Distilled through the occluded lens of weird fiction, Michael Kelly’s third collection of strange tales is a timely and cogent examination of grief, love, identity, abandonment, homelessness, and illness. All cut through with a curious, quiet menace and uncanny melancholy.
Praise for All the Things We Never See:
“The stories in Michael Kelly’s All the Things We Never See balance on the delicate knife edge of the weird, taking place at the moment of incision, just before the blood rushes to the cut. Full of quiet menace and strangeness, with characters bound into odd relationships both to the world and themselves, relationships they themselves often fail to understand, this is weird fiction at is finest.”
— Brian Evenson, author of Song for the Unraveling of the World
“Michael Kelly’s sharp collection of uncanny stories will leave you questioning your relationships, your identity, and reality itself. These stories dig between your ribs and place a cold finger on your heart.”
— Paul Tremblay, author of The Cabin at the End of the World, and A Head Full of Ghosts
“After having nurtured a sterling reputation as a curator of weird fiction, Michael Kelly here reminds us that he’s one of its best practitioners, too. ALL THE THINGS WE NEVER SEE is eerie and unsettling in the best ways, subverting reality and turning it back on itself, questioning the very earth under your feet. In the end, you’re left not scared so much as uncertain, even vulnerable—your throat exposed to unseen forces.”
— Nathan Ballingrud, author of Wounds, and North American Lake Monsters
“Like a cottonmouth sleeping under a silk sheet, there’s something unsettling under the surface of Michael Kelly’s stories—and once these tales sink their fangs into you, as they did into me, you’ll find the venom is strangely addictive.”
— Craig Davidson, author of The Saturday Night Ghost Club
A possible expansion of your reading radar with snippets of stories, small visions with a cast of characters, matters and things in lucid form, haunting ones, twisted and disturbing worlds, ones with pains, sorrows, and small joys.
My few words on a selection of notable tales.
(This collection recommended by the author Brian Evenson in my interview with him here. https://more2read.com/review/interview-with-brian-evenson/)
The Face That Looks Back at You
Looking into mirror fearfully at what may look back at you, along with the marital troubles, trying to save things going south, a drive up north to a cabin, a little vacation, providing possible break in the dread with interlining terrors.
The Wounded Bird
Wounded bird brought indoors a man lonely friendship and there is bird chatter with twist of haunting.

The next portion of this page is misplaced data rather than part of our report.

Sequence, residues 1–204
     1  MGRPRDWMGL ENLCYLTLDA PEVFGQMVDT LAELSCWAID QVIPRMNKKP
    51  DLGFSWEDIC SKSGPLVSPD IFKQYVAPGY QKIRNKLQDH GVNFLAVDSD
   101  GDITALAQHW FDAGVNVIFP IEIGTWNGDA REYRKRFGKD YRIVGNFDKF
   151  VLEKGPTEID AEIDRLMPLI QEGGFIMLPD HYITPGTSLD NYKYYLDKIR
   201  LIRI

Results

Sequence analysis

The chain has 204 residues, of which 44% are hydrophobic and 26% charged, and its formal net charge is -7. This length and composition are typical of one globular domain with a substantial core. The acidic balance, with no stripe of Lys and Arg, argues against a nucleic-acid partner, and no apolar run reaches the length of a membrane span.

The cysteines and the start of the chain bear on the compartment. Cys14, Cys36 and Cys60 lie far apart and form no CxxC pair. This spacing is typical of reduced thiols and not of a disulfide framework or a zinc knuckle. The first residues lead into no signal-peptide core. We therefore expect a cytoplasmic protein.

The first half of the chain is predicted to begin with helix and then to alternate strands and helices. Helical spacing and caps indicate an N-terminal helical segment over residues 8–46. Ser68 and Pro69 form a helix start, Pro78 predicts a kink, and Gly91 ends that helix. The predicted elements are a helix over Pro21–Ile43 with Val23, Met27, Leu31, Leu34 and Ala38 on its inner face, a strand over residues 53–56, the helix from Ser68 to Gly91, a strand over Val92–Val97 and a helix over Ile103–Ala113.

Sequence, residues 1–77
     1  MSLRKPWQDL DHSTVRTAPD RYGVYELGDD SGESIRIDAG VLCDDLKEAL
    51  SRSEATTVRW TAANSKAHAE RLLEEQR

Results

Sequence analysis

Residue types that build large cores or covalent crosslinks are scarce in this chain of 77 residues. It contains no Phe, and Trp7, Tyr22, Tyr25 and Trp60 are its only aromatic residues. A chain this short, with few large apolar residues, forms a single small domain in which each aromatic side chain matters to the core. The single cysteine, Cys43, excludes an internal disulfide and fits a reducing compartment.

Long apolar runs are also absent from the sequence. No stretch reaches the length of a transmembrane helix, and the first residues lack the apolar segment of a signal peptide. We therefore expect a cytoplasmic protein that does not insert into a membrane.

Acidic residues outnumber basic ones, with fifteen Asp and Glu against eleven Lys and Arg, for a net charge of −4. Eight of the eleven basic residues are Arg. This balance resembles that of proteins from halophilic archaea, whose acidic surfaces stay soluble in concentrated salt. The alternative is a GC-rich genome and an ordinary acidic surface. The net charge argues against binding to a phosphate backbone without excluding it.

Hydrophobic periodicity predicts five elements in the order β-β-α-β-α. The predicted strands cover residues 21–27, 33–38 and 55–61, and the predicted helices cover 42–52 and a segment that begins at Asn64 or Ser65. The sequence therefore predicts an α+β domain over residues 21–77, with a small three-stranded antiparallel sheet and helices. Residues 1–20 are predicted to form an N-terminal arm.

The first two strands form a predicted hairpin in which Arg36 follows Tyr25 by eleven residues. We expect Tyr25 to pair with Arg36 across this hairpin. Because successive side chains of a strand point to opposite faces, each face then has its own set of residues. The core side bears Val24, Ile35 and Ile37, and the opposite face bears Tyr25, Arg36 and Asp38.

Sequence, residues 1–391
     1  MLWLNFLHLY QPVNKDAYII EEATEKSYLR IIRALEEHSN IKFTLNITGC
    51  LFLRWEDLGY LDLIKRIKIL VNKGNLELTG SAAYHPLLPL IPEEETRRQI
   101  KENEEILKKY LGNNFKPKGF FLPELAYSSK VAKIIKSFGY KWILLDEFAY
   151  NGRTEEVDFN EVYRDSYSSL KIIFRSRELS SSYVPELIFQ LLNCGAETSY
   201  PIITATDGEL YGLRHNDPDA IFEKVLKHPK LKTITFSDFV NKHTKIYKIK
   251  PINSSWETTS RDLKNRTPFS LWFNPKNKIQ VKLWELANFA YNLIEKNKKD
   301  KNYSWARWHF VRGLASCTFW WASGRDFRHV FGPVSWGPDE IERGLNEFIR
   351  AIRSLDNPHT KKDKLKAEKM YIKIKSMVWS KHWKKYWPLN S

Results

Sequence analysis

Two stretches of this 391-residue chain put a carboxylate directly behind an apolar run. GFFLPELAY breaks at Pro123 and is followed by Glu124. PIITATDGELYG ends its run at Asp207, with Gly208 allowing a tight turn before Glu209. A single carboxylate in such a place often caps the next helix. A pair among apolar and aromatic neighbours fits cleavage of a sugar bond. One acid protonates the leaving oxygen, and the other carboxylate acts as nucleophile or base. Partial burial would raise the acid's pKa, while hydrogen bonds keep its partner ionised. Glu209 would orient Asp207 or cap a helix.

Parents gone, staying with uncle near the sea, talk of bait, fishing, hunting and mermaids, it’s school holiday, been feeling like a pariah, curiosity over uncles locked cellar forms, secrets waiting to be released. One little short and disturbing tale.
A Crack in the Ceiling of the World
A crack in the world, a gateway, two worlds separated, one has Ezekiel and dragon and the other …
A Intriguing and catastrophic situation.
“This was once the realm of memories. Memories were king. Memories were true. Deep in the bowels of this world, in the lightness mines, memories were all you had. Soon enough, even your memories succumbed to the terrible heat of the blast furnaces, the infernal machines that scorched everything.”
Dreaming and that October feeling and things, that fleeting life before and now.
Desert of Sharp Sorrows with Jonathan William Hodges
Upon a journey, Myra In The desert, starkness and serenity, a woman ventures, walking, driving, encountering a mesquite tree, navigating to a future, needing and thinking, remembering an encounter with a mysterious man, feeling pains and sorrows strange encounters in the barren landscape with trees and figures.
Other Summers with Ray Cluley
Visceral forward into adventure and summer fun through night and the awakened, through dark carnival of the fair with summer fates dreams and melancholy.
If you liked Boys life by Robert R McCammon and Something Wicked this Way Comes by Ray Bradbury you will like this short tale.
Tears from an Eyeless Face
Nice poetic little tale of being with sight but feeling strange and human.
The White-Face at Dawn
“A scarlet dawn breaches the thick gloom of the apartment. Slender pink fingers of thin light rouse me from another restless night, plagued fever-dreams of dear Genevieve, and dreams of the curious tatter-king in yellow robes, a grey and gaunt being that clutches a sceptre of black onyx and wears a crown of tarnished jewels upon his thorny head. His is a face of dark cunning and sharp angles. Grave-worm tongue. It was he, I’m sure, who came for Genevieve.”
Poetic loss piece with a beloved gone.
A character upon a task attempting to create something more magnificent than the King in Yellow. In an discussion with another he learns of the tale of the sorrow spiders.
Psychological haunting Tale with spiders and other things that you won’t forget.
Michael Kelly is the former Series Editor for the Year’s Best Weird Fiction. He’s a Shirley Jackson Award-winner, and a World Fantasy Award nominee. His fiction has appeared in a number of journals and anthologies, including Black Static, The Mammoth Book of Best New Horror 21 & 24, Supernatural Tales, Postscripts, Weird Fiction Review, and has been previously collected in Scratching the Surface, and Undertow & Other Laments.